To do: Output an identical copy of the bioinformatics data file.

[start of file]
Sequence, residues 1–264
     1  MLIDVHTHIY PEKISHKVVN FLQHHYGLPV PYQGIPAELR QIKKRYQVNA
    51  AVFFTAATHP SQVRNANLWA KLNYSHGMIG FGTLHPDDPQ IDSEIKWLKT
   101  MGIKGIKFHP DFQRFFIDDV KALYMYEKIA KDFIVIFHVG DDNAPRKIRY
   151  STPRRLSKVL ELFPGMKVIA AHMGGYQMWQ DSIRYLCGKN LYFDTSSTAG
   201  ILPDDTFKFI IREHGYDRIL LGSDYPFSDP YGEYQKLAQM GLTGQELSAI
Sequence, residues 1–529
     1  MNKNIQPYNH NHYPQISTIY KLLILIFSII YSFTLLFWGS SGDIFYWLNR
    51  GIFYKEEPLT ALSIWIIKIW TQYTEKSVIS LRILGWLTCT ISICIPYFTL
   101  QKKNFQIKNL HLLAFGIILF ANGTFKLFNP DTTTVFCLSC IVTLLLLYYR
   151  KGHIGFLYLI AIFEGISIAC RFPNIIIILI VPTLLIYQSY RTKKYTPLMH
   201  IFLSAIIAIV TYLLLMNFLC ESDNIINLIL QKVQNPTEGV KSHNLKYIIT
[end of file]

Sequence, residues 1–264
     1  MLIDVHTHIY PEKISHKVVN FLQHHYGLPV PYQGIPAELR QIKKRYQVNA
    51  AVFFTAATHP SQVRNANLWA KLNYSHGMIG FGTLHPDDPQ IDSEIKWLKT
   101  MGIKGIKFHP DFQRFFIDDV KALYMYEKIA KDFIVIFHVG DDNAPRKIRY
   151  STPRRLSKVL ELFPGMKVIA AHMGGYQMWQ DSIRYLCGKN LYFDTSSTAG
   201  ILPDDTFKFI IREHGYDRIL LGSDYPFSDP YGEYQKLAQM GLTGQELSAI
Sequence, residues 1–529
     1  MNKNIQPYNH NHYPQISTIY KLLILIFSII YSFTLLFWGS SGDIFYWLNR
    51  GIFYKEEPLT ALSIWIIKIW TQYTEKSVIS LRILGWLTCT ISICIPYFTL
   101  QKKNFQIKNL HLLAFGIILF ANGTFKLFNP DTTTVFCLSC IVTLLLLYYR
   151  KGHIGFLYLI AIFEGISIAC RFPNIIIILI VPTLLIYQSY RTKKYTPLMH
   201  IFLSAIIAIV TYLLLMNFLC ESDNIINLIL QKVQNPTEGV KSHNLKYIIT